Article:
Once again I am not sure if I have grasped the subtleties of the haiku writing technique Chevrefeuille has presented in his weekly writing challenge Carpe Diem – haiku writing techniques This week he introduces us to the shasei technique created by the haiku poet Shiki (1867-1902), the haiku poet who brought haiku it’s name and brought haiku into the 20th century:-
‘Come spring as of old.
When such revenues of rice.
Braced this castle town!
© Masaoka Shiki
It’s a good example of this shasei technique. What is the shasei technique? Let me try to explain that to you all with the help of Jane Reichhold.
Though this technique is often given Shiki’s term Shasei (sketch from life) or Shajitsu (reality), it has been in use since the beginning of poetry in the Orient. The poetic principle is “to depict the thing just as it is”. The reason Shiki took it up as a poetical cause, and this made it famous, was his own rebellion against the many other techniques used in haiku. Shiki was, by nature it seemed, against whatever was the status quo – a true rebel. Shiki was, by nature it seemed, against whatever was the status quo – a true rebel. If older poets had overused any idea or method, it was his personal goal to point this out and suggest something else. This was followed until someone else got tired of it and suggested something new. This seems to be the way poetry styles go in and out of fashion.
Thus, Shiki hated associations, contrasts, comparisons, wordplays, puns, and riddles – all the things we are cherishing here! He favored the quiet simplicity of just stating what he saw without anything else happening in the haiku. He found the greatest beauty in the common sight, simply reported exactly as it was seen, and ninety-nine percent of his haiku written in his style. Many people still feel he was right. There are some moments that are perhaps best said as simply as possible in his way. Yet, Shiki himself realized in 1893, after writing very many haiku in this style, that used too much, even his new idea could become lackluster. So the method is an answer, but never the complete answer of how to write a haiku.’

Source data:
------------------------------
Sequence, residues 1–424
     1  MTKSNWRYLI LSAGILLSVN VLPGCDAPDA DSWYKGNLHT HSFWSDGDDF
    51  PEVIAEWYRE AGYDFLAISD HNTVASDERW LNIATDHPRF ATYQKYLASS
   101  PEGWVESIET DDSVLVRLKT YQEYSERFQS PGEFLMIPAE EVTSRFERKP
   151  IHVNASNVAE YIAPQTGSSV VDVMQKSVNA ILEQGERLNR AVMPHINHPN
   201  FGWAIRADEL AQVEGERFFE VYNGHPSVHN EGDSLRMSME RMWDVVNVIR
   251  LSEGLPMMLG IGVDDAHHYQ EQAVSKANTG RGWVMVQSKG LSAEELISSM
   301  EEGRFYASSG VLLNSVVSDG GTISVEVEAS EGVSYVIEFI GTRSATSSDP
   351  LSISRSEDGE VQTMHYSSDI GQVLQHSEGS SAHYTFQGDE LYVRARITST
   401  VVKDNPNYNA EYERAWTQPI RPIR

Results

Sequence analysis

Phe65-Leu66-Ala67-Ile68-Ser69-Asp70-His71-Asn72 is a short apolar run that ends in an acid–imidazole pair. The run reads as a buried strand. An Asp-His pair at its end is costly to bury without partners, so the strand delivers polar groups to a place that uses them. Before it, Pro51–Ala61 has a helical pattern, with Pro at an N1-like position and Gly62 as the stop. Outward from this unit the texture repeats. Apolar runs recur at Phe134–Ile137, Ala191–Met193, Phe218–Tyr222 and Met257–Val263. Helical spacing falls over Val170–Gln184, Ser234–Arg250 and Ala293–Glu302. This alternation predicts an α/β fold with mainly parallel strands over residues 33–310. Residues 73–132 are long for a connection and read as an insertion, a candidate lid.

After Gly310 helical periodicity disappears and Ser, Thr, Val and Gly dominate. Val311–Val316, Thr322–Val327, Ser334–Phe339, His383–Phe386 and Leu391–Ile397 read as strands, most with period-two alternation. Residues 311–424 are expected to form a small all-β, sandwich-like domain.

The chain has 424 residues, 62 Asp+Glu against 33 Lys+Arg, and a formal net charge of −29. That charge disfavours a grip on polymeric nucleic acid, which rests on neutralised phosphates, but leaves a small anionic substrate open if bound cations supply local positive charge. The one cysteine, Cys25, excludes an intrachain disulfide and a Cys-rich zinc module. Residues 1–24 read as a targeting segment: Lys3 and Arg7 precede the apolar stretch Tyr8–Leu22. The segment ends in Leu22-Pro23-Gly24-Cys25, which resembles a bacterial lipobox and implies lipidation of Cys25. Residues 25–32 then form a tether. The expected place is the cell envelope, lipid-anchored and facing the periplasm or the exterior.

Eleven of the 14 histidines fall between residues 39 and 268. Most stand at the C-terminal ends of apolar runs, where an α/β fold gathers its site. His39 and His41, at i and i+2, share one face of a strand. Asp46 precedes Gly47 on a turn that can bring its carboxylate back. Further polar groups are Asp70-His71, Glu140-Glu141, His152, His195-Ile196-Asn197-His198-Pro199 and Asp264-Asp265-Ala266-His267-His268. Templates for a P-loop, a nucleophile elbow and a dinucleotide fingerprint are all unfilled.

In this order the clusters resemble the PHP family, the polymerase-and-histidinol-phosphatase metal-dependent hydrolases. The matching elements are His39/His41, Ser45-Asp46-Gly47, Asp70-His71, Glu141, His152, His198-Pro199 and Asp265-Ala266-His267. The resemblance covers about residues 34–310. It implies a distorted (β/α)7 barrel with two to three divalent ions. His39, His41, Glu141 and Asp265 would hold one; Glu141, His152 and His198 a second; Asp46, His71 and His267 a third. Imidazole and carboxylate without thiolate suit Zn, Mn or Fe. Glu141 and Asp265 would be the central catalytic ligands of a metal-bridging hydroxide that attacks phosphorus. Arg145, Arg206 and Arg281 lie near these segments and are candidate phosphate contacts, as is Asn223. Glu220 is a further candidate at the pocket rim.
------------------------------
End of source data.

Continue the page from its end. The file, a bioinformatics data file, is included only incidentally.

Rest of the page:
Here’s my attempt –
Of course, being something of a rebel myself, I find it hard to stick to the rules. Although the haiku I have written here can be taken at face value it also has another layer of meaning. This week’s super full moon was the third in row and the last one for 2015. It occurred in the astrological sign of Taurus directly opposite the sun in Scorpio. Scorpio rules what is hidden beneath the surface. This full moon gives us an opportunity to see this shadow self more clearly. By going within we have the opportunity to embrace those parts of ourselves that have been denied and bring them into the light of consciousness. Taurus rules beauty, rest, harmony and earthly pleasures. Releasing old repressed energies and allowing the mind and body to rest and rejuvenate is supported over the full moon period and the following few days.